Bio: Amos Nur is widely considered to be one of the world’s top academic authorities on rock physics. He applies rock physics results to the understanding of tectonophysical processes in the Earth’s crust and lithosphere, with an emphasis on the role of fluids in crustal processes and in energy resources. Nur pioneered the use of seismic velocity measurements to characterize the changing state of oil and gas reservoirs as the volume of fluid in the rock changed during pumping; the process has come to be known as “four-dimensional” seismic monitoring. He has published over 240 papers and mentored dozens of doctoral and master’s candidates. Professor Nur was on the Stanford faculty from 1970 until his retirement in 2008 and he remains affiliated with the school as Professor Emeritus.
Abstract: In 1975 Frank Press suggested that we (USA, Japan, China, and the former USSR) will predict short and long-term earthquakes within 10 years (given sufficient funding). However, in 2013 (38 years later) Seiya Uyeda in Japan published a scathing paper about the lack of work on short-term earthquake prediction in Japan and actually elsewhere (in part at least for lack of funding for research). Because there was no real progress during these years many geophysicists concluded that earthquakes are actually not predictable. However, it is my opinion that we do not understand enough about the physics of earthquakes and especially the kind of possible precursors that are the key to short-term prediction. And the key to uncovering such possible precursors lies in rock physics.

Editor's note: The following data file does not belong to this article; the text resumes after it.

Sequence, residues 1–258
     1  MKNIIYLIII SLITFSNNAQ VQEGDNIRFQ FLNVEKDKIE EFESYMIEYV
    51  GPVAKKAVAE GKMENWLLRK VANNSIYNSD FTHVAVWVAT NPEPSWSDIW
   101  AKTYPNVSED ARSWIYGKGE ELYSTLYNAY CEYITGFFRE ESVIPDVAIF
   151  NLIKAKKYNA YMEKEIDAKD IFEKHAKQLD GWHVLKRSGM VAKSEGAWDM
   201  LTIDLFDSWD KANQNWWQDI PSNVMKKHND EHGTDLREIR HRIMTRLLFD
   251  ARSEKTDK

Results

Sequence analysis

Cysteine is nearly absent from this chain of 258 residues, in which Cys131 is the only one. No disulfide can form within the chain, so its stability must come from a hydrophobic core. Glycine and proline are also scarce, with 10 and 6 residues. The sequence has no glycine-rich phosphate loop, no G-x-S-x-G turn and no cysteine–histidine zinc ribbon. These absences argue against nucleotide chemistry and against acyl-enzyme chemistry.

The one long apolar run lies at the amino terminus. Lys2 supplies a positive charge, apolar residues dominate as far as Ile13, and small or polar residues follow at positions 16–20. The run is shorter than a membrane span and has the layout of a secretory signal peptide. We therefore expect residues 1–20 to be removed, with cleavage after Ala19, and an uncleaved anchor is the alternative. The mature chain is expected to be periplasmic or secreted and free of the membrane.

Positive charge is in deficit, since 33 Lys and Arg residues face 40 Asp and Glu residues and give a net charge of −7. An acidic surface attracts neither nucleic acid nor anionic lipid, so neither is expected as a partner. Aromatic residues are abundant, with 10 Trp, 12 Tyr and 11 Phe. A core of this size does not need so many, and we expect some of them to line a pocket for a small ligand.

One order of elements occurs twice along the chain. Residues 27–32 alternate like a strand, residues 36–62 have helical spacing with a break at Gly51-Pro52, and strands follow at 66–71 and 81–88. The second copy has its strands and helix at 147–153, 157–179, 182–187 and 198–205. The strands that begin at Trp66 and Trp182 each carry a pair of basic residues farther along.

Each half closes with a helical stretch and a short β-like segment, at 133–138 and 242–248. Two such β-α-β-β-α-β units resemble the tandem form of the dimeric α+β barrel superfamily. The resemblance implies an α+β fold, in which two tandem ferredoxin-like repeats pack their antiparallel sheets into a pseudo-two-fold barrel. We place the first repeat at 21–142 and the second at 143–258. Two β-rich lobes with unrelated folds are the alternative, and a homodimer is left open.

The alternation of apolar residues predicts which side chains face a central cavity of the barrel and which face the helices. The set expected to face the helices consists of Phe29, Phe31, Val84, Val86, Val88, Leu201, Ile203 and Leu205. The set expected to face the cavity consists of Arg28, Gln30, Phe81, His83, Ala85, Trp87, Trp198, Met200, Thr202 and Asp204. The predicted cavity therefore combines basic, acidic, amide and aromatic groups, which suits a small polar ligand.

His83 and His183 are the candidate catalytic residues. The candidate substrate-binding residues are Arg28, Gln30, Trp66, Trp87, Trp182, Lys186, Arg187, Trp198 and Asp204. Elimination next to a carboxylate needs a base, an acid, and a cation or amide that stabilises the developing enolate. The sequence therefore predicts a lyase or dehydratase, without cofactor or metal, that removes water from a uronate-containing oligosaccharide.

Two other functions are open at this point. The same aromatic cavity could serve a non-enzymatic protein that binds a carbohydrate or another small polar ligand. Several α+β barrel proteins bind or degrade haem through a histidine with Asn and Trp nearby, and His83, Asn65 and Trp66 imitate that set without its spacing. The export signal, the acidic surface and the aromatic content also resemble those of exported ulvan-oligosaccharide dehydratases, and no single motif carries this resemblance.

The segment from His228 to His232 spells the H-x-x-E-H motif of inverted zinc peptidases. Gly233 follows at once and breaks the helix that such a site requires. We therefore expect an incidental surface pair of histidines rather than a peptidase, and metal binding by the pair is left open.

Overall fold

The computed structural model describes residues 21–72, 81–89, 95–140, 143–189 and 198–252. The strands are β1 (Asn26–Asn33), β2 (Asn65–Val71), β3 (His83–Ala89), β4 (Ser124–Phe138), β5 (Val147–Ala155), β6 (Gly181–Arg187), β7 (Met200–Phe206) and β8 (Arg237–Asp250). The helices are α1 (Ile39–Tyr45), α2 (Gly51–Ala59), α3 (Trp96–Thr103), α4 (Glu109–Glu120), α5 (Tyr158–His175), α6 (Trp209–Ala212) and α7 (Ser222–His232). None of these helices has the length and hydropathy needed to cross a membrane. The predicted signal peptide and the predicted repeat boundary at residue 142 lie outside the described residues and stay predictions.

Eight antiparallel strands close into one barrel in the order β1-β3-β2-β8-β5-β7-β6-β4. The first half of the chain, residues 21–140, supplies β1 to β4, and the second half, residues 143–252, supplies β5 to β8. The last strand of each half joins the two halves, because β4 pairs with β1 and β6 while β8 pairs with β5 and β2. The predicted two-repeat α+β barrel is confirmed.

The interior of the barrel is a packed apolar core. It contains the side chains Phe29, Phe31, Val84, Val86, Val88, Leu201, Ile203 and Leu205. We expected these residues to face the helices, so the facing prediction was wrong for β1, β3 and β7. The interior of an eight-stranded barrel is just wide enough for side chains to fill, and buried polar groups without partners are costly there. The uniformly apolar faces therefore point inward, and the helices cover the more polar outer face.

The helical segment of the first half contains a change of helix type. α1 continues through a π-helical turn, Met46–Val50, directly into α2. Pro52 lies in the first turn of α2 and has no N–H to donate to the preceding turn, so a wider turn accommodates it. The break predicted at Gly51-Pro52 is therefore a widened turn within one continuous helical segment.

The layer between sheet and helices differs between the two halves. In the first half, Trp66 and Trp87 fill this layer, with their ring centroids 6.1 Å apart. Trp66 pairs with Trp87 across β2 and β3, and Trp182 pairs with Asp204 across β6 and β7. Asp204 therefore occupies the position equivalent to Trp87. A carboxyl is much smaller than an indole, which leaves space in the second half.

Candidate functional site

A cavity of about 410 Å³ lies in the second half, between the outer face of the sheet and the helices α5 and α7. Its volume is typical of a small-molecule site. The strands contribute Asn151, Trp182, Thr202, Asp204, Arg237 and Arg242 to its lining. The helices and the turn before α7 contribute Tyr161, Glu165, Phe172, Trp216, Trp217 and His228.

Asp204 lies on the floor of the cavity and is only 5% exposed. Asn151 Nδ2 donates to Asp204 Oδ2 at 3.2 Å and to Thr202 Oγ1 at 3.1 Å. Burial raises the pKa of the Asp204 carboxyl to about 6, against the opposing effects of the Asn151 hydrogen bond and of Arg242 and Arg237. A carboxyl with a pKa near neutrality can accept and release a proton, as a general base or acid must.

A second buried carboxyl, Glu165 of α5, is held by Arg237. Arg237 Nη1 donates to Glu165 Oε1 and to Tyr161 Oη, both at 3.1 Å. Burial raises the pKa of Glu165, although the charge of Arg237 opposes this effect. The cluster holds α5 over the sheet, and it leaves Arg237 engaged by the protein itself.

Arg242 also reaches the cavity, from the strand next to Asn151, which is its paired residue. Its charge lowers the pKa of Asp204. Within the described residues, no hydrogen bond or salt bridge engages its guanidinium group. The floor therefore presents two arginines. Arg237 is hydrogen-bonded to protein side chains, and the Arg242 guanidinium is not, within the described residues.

In this talk, I will provide an updated review of what we know TODAY in rock physics that could be responsible for possible time-dependent changes in the crust prior to earthquakes. These include
- Effect of pressure
- Effects of stress-induced anisotropy
- Effects of saturation/partial saturation
- Intrinsic anisotropy
- Pressure solution and reactive fluids
With application to issues of
- Vertical crustal fault zones and low-velocity zones
- Post-earthquake velocity changes
- Pre-earthquake velocity changes
- Attenuation (1/Q)
- Electrical conductivity
- Elastic moduli
- Critically stressed crust